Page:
CNN's Owners Have No One To Blame But Themselves When Share Prices Start To Fall


Apparently, AT&T bought CNN thinking it was some kind of an entertainment outlet.

It is, but only to those of us who understand that Ted Turner’s creation has devolved into something which no longer resembles, in any way, journalism.

How bad is CNN’s coverage of the president?

Well, depending on who you choose to believe, studies from Harvard to the Media Research Center place the ratio of positive to negative coverage between 91 percent negative to 93 percent. Every media analyst agrees. CNN’s coverage is so biased that it can hardly be called coverage.

And it seems to be cheerfully brought to you by the American Telephone and Telegraph Company with CEO Randall Stephenson and Chief Operating Officer John Stankey.

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When these guys bought DirecTV, I was a fan. When they brought out DirecTV Now (Now ATT TV Now) as a streaming service I was and still am a fan. When they bought Warner Media, I was OK with that.

I figured that CNN was already so screwed up, it had only one way to go — up. I was wrong.

I was against the Justice Department’s antitrust action. I still am.

That said, who knew that the two executives I listed above were closet liberals?

My suspicion still is that they’re not. What they, are, I think, is scared to death — like the dog which caught the car. They have no idea what to do. Owning HBO is one thing. You can always disavow Bill Maher.

But a news outlet? That involves editorial judgment and CNN already had less than none. It needs grown-ups to instill some discipline. Stephenson and Stankey are supposed to be those adults. Only nobody told them. They were too busy getting Hollywood elite sweet nothings whispered in their ears.

On one hand, they don’t want to make the left mad. After all, the left controls show biz — right?

On the other hand, they really don’t want to have to choose up sides against a president who could easily be re-elected. Much of its communications business is heavily regulated. And, just to make things interesting, an activist management company, Elliott Management, took a $3.2 billion position in AT&T and wants change as well as seats on the board.

So, wouldn’t the smart money be to make those clowns in Atlanta actually run a news outlet as opposed to taking virtually every opportunity to tilt to the radical left?

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Apparently, Mr. Stephenson had some spine when he bought into the entertainment business, but seems to have softened when it comes to making tough decisions regarding the content of his acquisitions which could ultimately send his share price plummeting.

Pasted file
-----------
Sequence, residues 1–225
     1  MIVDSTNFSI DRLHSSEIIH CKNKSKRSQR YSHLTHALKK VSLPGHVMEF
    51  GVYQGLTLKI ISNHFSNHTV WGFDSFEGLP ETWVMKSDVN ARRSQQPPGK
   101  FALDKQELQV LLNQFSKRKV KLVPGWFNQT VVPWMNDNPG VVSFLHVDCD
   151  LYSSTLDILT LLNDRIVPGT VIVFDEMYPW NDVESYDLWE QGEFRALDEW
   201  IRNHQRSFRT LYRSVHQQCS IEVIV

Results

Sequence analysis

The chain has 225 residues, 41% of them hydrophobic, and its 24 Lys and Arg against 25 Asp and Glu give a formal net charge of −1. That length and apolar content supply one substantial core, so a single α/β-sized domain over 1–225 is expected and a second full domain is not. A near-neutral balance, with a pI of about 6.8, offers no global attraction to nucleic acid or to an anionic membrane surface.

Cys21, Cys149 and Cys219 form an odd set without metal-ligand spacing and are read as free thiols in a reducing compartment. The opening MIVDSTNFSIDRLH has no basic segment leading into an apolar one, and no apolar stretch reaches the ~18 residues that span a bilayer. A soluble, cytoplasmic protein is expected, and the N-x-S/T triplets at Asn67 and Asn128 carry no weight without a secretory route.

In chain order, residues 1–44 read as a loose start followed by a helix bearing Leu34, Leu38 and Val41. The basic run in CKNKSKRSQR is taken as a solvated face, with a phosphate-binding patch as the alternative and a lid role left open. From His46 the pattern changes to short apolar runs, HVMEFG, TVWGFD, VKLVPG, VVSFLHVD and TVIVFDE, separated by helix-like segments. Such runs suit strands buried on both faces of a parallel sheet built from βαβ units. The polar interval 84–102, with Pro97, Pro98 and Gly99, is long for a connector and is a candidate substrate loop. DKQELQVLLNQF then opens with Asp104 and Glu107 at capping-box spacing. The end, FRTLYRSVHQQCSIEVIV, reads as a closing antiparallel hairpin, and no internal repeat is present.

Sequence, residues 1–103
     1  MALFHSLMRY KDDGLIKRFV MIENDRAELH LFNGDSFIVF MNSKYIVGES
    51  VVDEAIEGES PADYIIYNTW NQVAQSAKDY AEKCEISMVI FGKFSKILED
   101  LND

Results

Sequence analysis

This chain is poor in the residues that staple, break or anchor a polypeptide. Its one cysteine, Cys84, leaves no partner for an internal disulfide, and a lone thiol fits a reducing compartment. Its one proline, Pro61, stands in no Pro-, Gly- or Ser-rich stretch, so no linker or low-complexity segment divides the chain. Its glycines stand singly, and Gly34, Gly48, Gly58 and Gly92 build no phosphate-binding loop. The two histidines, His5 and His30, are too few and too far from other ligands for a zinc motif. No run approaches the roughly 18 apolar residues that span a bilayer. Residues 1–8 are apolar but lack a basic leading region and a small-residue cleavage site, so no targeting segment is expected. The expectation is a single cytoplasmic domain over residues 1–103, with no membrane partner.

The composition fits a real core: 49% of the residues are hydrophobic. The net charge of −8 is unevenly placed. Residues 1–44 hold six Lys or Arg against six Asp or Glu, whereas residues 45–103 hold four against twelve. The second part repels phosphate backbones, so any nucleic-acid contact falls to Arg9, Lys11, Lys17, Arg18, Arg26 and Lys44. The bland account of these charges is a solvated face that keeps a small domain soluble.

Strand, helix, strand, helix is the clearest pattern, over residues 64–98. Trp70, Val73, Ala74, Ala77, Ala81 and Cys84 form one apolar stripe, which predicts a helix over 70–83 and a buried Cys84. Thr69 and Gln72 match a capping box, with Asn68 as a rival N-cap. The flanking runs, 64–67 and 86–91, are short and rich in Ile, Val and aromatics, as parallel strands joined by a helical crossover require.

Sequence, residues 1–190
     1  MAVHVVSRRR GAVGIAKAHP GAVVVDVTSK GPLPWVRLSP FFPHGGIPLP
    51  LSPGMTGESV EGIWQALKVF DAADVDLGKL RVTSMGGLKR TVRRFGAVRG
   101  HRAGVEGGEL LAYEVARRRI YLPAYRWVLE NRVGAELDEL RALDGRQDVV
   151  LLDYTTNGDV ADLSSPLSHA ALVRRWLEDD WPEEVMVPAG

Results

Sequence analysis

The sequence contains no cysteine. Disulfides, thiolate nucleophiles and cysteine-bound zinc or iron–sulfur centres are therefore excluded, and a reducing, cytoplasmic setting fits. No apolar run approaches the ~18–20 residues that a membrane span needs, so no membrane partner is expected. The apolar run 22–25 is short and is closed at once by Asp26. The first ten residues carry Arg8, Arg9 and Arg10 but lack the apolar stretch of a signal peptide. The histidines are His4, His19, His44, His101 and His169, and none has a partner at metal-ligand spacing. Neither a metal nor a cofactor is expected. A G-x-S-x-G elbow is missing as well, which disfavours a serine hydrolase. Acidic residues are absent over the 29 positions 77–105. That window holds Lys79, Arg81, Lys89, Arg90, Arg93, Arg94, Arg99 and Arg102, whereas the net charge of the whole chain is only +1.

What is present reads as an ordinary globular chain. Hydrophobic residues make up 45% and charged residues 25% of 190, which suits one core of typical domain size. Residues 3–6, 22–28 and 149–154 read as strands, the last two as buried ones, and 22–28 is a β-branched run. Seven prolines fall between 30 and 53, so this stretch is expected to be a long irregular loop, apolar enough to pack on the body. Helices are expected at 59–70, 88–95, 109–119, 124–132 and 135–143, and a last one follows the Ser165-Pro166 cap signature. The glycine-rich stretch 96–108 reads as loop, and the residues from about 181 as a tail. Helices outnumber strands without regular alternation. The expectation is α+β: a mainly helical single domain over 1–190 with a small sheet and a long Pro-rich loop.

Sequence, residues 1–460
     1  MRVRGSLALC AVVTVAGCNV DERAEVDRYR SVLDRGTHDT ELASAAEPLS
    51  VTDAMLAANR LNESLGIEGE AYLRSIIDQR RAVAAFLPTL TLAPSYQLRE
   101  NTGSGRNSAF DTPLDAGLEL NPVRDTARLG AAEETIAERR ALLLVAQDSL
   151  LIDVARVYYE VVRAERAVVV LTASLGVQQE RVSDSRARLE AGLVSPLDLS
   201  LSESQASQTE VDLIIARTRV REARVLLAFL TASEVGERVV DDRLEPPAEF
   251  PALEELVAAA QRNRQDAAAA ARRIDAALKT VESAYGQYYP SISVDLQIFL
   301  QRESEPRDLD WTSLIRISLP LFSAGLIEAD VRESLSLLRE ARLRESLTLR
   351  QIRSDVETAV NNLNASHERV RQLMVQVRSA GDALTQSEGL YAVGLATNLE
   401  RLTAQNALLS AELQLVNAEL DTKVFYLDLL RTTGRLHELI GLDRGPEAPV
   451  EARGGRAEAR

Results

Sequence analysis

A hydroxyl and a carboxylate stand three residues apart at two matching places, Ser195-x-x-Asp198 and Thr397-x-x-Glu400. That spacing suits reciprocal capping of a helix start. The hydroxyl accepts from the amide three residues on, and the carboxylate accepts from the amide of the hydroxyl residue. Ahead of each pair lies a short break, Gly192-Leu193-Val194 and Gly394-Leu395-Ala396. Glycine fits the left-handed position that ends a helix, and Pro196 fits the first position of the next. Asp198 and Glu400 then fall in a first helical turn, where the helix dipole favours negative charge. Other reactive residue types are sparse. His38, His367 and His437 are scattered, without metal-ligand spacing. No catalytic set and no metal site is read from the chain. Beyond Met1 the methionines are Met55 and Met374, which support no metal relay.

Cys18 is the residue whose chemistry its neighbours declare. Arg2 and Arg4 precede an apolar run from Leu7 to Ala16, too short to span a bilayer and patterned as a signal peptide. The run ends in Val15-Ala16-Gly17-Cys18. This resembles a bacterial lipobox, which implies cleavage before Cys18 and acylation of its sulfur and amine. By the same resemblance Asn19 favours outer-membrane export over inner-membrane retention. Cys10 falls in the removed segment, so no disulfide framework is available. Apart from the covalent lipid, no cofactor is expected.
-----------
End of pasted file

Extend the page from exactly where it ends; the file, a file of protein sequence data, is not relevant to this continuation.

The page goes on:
Here’s a hint as to how another executive has handled it.

Apple’s Tim Cook — hardly a Trump fan — has kept an open channel to the president even though he supported Trump’s 2016 opponent.

That makes sense, considering their common interests, especially where it comes to China, trade and intellectual property.

Do you really think Trump would refuse Stephenson’s call?

As long as his company is channeling Nancy Pelosi, it is probably a difficult call to have.

But if Stephenson and Stankey could say, with straight faces, that they are aiming to make CNN a “just the facts” news outlet, you can bet Trump would take that call.

It’s high time the folks on Akard Street in Dallas started worrying about their shareholder value. They could fix CNN in two weeks. Nobody is asking that they try and duplicate Fox. Just be fair.

If they don’t, and 63,000,000 Trump voters take offense, well, they don’t make fallout shelters deep enough to protect them from the economic consequences.

The views expressed in this opinion article are those of their author and are not necessarily either shared or endorsed by the owners of this website. If you are interested in contributing an Op-Ed to The Western Journal, you can learn about our submission guidelines and process here.

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Fred Weinberg is the publisher of the Penny Press, an online publication based in Reno, Nevada ( He also is the CEO of the USA Radio Networks and several companies which own or operate radio stations throughout the United States. He has spent 53 years in journalism at every level from small town weekly newspapers to television networks. He can be reached at You can subscribe, free, to the Penny Press weekly email on the website.